• Friday, December 02, 2022

HEADLINE STORY

Bad lifestyle linked to 400 cancer cases a day in UK

By: Kimberly Rodrigues

Experts in the UK have warned today that fast food, alcohol and excessive exposure to the sun contributes to about 400 preventable cancer cases a day, the Daily Mail reports.

According to experts, about 155,000 diagnoses could be prevented each year, if Britons were to lead healthier lifestyles.

About 387,820 people were diagnosed with cancer in 2019/20, which is a rise of more than 20,000 in two years despite the Covid pandemic disrupting services.

In order to help reduce the risk of getting the deadly illness, the World Cancer Research Fund (WCRF) recommends cutting back on red meat, avoiding processed meat and drinking less alcohol.

According to WCRF around four in ten of these cancer cases could be prevented with better lifestyle choices, including healthy eating, not smoking and exercising more.

The charity (WCRF)’s report comes after Cancer Research UK reportedly stated that “ending smoking” would bring down the number of deaths from the disease, which is linked to deprived areas.

Additionally, a study published last week in the journal PLOS One discovered that if nobody in the UK smoked then such fatalities would drop from 27,200 to 16,500.

Smoking is estimated to be responsible for 70% of lung cancer cases, nearly one fifth of all new cancer cases a year.

Lung cancer remains the deadliest – killing 34,171 in 2019/20 – and the second-most prolific, with 48,754 new cases, the Daily Mail explains.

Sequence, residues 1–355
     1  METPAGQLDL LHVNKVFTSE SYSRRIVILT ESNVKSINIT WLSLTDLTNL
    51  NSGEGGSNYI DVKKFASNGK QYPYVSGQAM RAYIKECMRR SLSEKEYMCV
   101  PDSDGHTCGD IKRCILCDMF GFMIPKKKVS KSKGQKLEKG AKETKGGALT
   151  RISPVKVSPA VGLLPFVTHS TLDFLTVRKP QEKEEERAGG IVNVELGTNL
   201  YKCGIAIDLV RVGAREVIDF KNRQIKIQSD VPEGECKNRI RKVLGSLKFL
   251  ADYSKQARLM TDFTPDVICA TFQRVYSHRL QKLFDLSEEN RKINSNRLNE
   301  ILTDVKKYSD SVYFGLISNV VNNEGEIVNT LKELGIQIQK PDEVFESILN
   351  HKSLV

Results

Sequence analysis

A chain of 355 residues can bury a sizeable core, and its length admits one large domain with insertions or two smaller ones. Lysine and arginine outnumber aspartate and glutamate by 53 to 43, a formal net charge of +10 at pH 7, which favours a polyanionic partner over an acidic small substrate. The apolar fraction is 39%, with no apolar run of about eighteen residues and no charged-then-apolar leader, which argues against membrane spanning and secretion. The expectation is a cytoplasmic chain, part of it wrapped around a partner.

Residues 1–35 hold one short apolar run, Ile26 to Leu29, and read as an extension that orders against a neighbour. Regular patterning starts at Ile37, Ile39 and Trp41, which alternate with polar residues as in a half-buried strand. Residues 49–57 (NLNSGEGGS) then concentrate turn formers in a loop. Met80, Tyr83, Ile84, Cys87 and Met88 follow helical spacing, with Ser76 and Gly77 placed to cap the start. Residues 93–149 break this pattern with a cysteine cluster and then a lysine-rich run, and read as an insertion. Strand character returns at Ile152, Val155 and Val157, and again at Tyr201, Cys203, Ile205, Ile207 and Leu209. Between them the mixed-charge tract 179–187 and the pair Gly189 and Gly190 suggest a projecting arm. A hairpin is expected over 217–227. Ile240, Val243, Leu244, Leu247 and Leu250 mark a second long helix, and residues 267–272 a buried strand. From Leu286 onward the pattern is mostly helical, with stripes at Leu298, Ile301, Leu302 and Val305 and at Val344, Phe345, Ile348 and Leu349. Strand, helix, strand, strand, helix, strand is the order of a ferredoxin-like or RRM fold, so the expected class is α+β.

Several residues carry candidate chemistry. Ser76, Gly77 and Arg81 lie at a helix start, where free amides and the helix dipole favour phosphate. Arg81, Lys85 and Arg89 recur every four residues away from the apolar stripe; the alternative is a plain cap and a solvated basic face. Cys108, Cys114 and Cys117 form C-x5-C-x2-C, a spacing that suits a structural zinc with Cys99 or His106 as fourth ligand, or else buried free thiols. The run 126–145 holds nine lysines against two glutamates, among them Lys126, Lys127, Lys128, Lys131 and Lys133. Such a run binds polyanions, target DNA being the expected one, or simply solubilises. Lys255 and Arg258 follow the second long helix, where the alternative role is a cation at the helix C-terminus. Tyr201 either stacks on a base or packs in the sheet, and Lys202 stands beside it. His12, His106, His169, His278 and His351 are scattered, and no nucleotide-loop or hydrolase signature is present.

These figures have supposedly decreased from 35,180 and 48,017 respectively.

Meanwhile, cases of deadly skin cancer melanoma, which can be caused by too much sun exposure, rose from 16,183 to 17,845 over the two-year period.

Additionally, there were 44,706 cases and 17,484 deaths from bowel cancer, which is increasingly linked to lifestyle factors.

Breast cancer is found to be the most common type of cancer with 56,987 new diagnoses, followed closely by prostate cancer at 55,068.

Obesity or being overweight is also linked to a higher risk of 13 types of cancer including breast, womb, bowel, liver, kidney and pancreatic.

Experts have warned that since approximately two-thirds of adults and a third of children are overweight or obese, it could only be a matter of time before this overtakes smoking as the leading cause of cancer.

Since 2017/18, the data suggests the number of preventable cases has risen by 8,000.

Dr Vanessa Gordon-Dseagu, of the WCRF, is of the opinion that the growing ageing population will see numbers continue to rise over the next few decades.

However, she also suggests that the chances of contracting many cancers can be lowered if alcohol is avoided, eating red meat is limited to no more than three portions a week and eating only a little processed meat.

Some of the other measures to avoid cancer suggested by the expert includes staying safe in the sun and mothers breastfeeding babies if possible.

Dr Vanessa is also quoted as saying, “Over the years, research has estimated that around 40 per cent of cancers are associated with modifiable risk factors.

“These include smoking and limiting sun exposure. Alongside this, research has shown that, by following WCRF’s cancer prevention recommendations, individuals can reduce their risk.

“Screening plays a vital role in improving cancer outcomes – the earlier someone is diagnosed, the more likely they are to survive,” she concludes.

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